Saturday 2019_01_19 (update)
So I did go out to try to sample São Paulo night life.
I walked up to Potato Place because I knew there was nightlife there, and some clubs further up Avenida Brigadeiro Faria Lima There were the usual interesting smells coming from the packed street (Rua Martim Carrasco) and the less packed open space, along with music pouring out of bars and restaurants but none of the music called to my legs.
I wondered into the streets west of Potato Place and found that Rua Guaicuí was blocked off at both ends by small barrows selling drinks and snacks, and that the whole street was lined with bars and filled with people drinking, talking and laughing. I didn’t feel threatened in any way. (I’d left my passports and most of my money in my hotel room, and I kept my hand on my wallet, which was rammed deep into a hip picket. My hotel key-card was in a zip-pocket, and I’d left the cardboard stating the room number in the hotel.)
I bought a beer at one of the bars and walked on towards clubland. Again, nothing I heard appealed, and there were very long queues to get into most clubs. I walked back to Potato Place and stood in the open space, enjoying some dance-ish music from a boom-box. Another lad came along and fixed his boom-box in the tree next to me and started playing some heavy jungle. (I doubt that the jPhone recording from my hip-pocket does it justice.)
Some people (mostly women but also one man) started twerking to this music, while another bloke was jerking gently. (No, not that meaning.) All seemed friendly still, and I tweeted
Serious heavy jungle in Potato Place. Lots of twerking, but not by me – yet!
However, it then started raining, and I realised I wasn’t going to really get in the mood, so I wimped out back to my hotel.
Hugo and his wife (Eliana) had invited me for lunch at their home in São André, so after I surfaced (after mid-day), I took the metro to Utinga. Hugo met me at the station and drove me to his flat. Just in case anyone is interested, my route was (1) Faria Lima to Paulista; (2) walk to Consolação; (3) Consolação to Tamanduateí; (4) Tamanduateí to Utinga. I think Tamanduatei station was downwind of a sewage plant.
On the last train, a couple were selling drinks and snacks. Apparently this is illegal, possibly because such commerce isn’t taxed. Moral maze: which is worse – preventing people making a living this way, or these people not paying tax (thus encouraging others not to pay tax)? In the end, I think that forcing people to starve or beg is worse. But how do we deal with such tax evasion? Please critique the following ideas and assumptions:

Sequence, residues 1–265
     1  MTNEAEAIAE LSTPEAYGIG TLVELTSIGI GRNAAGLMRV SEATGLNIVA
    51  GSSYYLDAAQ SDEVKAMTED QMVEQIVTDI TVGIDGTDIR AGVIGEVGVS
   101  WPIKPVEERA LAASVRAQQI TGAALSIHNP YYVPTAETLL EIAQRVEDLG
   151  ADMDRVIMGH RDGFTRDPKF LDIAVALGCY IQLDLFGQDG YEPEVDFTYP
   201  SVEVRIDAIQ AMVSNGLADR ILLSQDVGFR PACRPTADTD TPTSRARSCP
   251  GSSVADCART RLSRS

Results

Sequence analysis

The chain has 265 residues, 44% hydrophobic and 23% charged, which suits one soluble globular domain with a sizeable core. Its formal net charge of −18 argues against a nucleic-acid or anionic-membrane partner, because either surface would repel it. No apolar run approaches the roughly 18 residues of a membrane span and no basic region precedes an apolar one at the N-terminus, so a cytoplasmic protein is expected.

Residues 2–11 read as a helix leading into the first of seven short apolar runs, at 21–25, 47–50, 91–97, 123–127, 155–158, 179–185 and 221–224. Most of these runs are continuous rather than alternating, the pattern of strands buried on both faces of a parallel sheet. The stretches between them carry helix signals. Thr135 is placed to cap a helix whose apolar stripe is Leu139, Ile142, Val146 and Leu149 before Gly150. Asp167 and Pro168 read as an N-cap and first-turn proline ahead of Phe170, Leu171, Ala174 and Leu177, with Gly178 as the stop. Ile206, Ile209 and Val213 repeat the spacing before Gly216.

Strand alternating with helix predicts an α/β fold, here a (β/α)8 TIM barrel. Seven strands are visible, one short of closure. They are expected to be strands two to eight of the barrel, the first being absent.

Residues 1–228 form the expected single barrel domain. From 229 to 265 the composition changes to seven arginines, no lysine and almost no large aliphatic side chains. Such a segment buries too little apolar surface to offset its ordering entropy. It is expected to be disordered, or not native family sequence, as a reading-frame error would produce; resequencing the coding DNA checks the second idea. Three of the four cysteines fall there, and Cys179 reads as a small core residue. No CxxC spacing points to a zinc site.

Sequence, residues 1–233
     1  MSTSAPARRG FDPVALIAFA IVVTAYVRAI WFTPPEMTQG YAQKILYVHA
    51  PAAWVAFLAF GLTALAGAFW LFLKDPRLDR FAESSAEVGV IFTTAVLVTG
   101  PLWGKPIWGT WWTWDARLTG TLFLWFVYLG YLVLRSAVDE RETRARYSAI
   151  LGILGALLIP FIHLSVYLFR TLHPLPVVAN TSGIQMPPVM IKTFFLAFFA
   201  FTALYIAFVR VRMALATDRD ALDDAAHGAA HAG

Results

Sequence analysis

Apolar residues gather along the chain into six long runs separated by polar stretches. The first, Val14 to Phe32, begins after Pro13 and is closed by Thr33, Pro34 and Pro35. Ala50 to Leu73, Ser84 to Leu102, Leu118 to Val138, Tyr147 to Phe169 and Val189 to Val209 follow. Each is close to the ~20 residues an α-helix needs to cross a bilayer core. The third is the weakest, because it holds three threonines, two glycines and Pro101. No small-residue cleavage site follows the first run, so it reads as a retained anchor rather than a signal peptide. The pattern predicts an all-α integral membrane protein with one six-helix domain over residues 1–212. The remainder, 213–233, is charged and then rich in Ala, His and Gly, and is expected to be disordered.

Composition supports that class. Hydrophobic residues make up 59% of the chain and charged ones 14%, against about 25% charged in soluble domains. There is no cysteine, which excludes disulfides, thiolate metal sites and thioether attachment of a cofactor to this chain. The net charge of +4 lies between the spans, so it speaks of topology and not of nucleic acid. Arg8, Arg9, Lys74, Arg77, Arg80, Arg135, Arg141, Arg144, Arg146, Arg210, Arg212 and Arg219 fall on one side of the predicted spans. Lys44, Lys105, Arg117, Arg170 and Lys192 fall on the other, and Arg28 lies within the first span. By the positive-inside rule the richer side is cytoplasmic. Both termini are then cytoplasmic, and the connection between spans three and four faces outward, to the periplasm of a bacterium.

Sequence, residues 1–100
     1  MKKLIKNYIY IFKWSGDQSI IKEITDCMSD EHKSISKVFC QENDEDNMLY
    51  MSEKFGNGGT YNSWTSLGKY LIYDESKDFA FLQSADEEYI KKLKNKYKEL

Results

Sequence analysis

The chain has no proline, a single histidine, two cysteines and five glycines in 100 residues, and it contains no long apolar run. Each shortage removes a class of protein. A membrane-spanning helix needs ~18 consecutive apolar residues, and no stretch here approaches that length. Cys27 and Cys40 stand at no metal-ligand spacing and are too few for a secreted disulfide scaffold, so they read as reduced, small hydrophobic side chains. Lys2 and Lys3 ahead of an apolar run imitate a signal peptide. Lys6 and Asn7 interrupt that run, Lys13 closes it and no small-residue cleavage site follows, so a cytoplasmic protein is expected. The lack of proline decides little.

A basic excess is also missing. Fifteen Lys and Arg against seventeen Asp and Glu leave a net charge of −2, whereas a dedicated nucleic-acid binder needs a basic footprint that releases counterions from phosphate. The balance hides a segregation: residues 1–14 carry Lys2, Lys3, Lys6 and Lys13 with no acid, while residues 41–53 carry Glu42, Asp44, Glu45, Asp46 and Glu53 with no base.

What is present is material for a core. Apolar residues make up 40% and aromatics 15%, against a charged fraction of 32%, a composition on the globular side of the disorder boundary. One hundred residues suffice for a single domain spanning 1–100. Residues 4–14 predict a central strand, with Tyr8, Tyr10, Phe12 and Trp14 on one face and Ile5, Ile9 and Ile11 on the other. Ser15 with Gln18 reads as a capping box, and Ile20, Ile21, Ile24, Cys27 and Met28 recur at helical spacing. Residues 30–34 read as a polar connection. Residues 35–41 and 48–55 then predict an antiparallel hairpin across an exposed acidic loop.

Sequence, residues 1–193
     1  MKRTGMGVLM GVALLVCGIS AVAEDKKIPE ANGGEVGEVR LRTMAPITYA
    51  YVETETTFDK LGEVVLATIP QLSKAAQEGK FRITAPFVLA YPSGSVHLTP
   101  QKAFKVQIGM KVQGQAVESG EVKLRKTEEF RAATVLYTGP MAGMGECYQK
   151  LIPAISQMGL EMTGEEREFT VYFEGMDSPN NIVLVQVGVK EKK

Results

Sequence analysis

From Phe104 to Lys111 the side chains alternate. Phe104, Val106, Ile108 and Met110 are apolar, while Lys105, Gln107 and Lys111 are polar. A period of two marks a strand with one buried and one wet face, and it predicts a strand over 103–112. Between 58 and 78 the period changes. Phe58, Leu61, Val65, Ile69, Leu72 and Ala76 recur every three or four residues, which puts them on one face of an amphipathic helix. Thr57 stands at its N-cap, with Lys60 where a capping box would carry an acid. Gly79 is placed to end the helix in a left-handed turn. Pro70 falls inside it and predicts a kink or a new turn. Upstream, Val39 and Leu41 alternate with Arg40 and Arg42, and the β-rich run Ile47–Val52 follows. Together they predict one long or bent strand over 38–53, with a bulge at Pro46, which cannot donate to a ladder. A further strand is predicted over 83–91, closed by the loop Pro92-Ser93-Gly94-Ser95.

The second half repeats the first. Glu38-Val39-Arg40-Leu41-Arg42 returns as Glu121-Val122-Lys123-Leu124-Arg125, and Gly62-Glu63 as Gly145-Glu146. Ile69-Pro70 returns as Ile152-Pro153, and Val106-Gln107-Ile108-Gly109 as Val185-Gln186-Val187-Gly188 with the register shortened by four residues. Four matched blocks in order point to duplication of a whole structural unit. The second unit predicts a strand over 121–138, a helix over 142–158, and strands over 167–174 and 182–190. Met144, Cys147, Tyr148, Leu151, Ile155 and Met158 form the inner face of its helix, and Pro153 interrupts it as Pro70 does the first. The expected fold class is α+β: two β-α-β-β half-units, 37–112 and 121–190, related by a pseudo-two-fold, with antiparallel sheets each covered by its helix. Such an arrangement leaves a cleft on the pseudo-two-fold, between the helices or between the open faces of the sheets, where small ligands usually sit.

- Assume that such vendors don’t earn more than the personal allowance, and so wouldn’t be liable for tax anyway, and hence turn an official blind eye. But this sets an unwelcome precedent, and is ripe for abuse.
- Assume that the cost of collecting this tax outweighs the cost of doing so again turn an official blind eye. (Back to that unhelpful precedent!)
- Assume that such vendors are unlikely to keep accurate records of their sales. Hence get them to pay tax in advance by taxing sales to them by wholesalers. (This would probably be hard to implement, open to abuse and unfair in that it taxes assumed sales revenue, not actual revenue.)
- Move to a completely cashless society, so that it it is easy to tax any transaction. (Hmm what could possibly go wrong with that? Let me google it for you.)
I got to meet Isadora, Hugo and Eliana’s new baby, and hence to gurgle a lot. (Sometimes I get broody, but I know in reality that I’m not trained, and far too selfish, to be a parent.) We had a very pleasant afternoon, talking over lots of food and traditional Brazilian drink (this time made with sweetener instead of sugar) about Brazilian and UK politics and social conventions, parenting and everything under the sun. Far too soon it was time to head back to to my hotel.
My return via metro was uneventful, but back at my hotel, there were preparations for filming something.